Editor's note: As we look ahead to the New Year, we thought you would like to see the 10 Most-Read Stories from Crosscut in 2013. This story is presented as it was originally published on Oct. 9.
Hidden inside scented magic markers and a birthday card, U.S. Postal inspectors found heroin in the first package they opened. Later in the day, drug-sniffing dogs called out another parcel for suspicion. It didn’t contain narcotics, however — only $3,200 in cash.
The two packages featured similar handwriting, the same type of stamps, and return addresses in King County -- one bogus, the other a PO Box. The connection wasn’t rock-solid, but it was enough for inspectors to dig deeper. The hunch proved correct. Starting in September 2012, it led agents from Homeland Security and the U.S. Postal Service down a road littered with packages from Pakistan, a meth-filled Sports Illustrated DVD case and a high-tech black market named Silk Road.
Last week, when the investigation ended nearly a year later, Steven Sadler and Jenna White of Bellevue were in handcuffs, accused of being some of the most flagrant drug dealers in the history of Puget Sound.
According to a criminal complaint unsealed by the U.S. District Court for Western Washington, Sadler is accused of selling heroin, meth and cocaine to customers all over the country and possibly the world, operating under the online pseudonym Nod. Allegedly, at least 38 USPS offices throughout Seattle and King County served as his distribution centers. For incoming orders, Sadler allegedly relied on what some call the “Amazon.com of drugs.”
That online black market, known as Silk Road, started in 2011 and met its end last week with the arrest of alleged founder, Ross Ulbricht. Silk Road operated on a segment of the Internet sometimes called the “Dark Net.” Sites on the “Dark Net” are not accessible via normal browsers, relying instead on the Tor Network, an online system that uses encryption and traffic re-routing to hide user communications and locations.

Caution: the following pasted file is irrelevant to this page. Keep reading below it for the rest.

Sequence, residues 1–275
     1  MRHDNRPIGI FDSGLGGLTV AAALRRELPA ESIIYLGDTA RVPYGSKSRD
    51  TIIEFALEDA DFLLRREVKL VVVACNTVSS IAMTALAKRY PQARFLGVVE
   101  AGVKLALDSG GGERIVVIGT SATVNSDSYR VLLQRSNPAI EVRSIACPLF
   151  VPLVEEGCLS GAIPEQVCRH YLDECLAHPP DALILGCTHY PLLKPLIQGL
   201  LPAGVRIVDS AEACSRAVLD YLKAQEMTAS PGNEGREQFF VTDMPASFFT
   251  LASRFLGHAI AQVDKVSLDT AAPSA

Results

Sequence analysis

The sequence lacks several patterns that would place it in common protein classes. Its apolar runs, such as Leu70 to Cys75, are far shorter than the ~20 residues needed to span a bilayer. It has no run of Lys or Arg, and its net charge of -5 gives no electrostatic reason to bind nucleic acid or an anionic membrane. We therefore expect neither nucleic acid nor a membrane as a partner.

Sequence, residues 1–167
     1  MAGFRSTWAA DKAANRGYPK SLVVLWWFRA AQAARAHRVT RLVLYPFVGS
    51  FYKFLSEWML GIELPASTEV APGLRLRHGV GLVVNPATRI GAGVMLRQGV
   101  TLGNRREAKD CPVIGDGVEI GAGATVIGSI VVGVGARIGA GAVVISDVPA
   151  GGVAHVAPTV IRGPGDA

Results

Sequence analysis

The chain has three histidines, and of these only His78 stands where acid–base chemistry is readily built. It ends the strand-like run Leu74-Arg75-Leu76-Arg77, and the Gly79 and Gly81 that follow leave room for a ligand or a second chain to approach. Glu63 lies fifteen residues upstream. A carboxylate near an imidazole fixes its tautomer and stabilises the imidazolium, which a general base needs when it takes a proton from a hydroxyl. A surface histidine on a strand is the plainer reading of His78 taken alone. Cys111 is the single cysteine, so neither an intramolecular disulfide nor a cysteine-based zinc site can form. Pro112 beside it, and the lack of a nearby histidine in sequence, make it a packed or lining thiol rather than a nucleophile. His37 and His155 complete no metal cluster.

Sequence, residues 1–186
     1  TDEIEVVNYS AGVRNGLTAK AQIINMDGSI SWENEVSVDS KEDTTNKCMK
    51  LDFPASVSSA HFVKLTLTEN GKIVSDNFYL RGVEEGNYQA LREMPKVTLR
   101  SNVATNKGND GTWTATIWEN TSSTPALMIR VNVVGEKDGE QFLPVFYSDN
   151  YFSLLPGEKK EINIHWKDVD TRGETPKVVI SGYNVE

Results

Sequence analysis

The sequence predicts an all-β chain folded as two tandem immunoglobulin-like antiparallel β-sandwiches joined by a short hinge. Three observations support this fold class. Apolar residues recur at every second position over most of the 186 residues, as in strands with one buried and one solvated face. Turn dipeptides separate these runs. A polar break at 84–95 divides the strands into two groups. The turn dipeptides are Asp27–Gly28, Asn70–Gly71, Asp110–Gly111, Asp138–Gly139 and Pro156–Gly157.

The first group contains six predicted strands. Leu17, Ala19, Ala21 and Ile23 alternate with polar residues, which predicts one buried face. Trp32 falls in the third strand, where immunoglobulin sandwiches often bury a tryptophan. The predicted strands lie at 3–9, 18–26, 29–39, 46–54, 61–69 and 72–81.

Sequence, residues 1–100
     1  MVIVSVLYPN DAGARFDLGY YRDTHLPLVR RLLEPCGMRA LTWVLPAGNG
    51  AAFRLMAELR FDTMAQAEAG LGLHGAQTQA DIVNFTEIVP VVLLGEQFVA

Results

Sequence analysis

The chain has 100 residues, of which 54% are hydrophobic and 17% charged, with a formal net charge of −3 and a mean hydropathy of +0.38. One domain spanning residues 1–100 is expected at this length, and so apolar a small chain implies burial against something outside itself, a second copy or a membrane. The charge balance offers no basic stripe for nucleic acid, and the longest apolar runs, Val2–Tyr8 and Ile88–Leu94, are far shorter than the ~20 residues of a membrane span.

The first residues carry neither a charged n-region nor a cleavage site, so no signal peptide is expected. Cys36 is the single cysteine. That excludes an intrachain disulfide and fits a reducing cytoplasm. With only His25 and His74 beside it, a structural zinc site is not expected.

“Anarchy capitalism” services like Silk Road — which offer everything from tar heroin to medical equipment for sale — are a big part of Tor’s reason for being. In its three years of existence, Silk Road attracted nearly 1 million registered users from all over the planet, and clocked roughly $1.2 billion in illegal drug sales, according to federal documents.
Ulbricht's arrest last week goes unmentioned in Sadler and White’s criminal complaint. In a statement to Mashable, the FBI would only admit to involvement in Silk Road arrests in the UK. The connection between the near-simultaneous arrests of Ulbricht, Sadler, and White is an unanswered question, despite the fact that the criminal complaint claims Silk Road ranked Nod in the top 1 percent of drug dealers on the site. A request for comment on the case from the U.S. Attorney’s office went unanswered by press time.
The timing of the arrests suggests they may have been postponed to coincide with the conclusion of the larger Silk Road investigation. However, the arrests of Sadler and White do not appear to have been a part of the larger investigation. According to Homeland Security Special Agent Christopher Armstrong, who authored the criminal complaint against the pair, the Nod arrests simply came down to brass tacks investigative work, following one lead to the next.
Shortly after the heroin and $3,200 were discovered in September 2012, investigators began pulling similar packages, with comparable handwriting and Puget Sound return addresses. Heroin was discovered in one, but there was still no indication of who was behind the shipments. The packages were released back into the system, to avoid giving the game away too early. Inspectors would bide their time before going after the packages’ recipients.
Postal inspectors decided to follow the money, tracing the $3,200 they’d found back to its return address. It was a P.O. box at a UPS store, registered to “Edward Harlow.” Someone named “Aaron Thompson” was also associated with the account. Inspectors found several post office boxes in Tukwila, Kent, and Renton connected with the two names, with fake Illinois drivers licenses used to open all of them.
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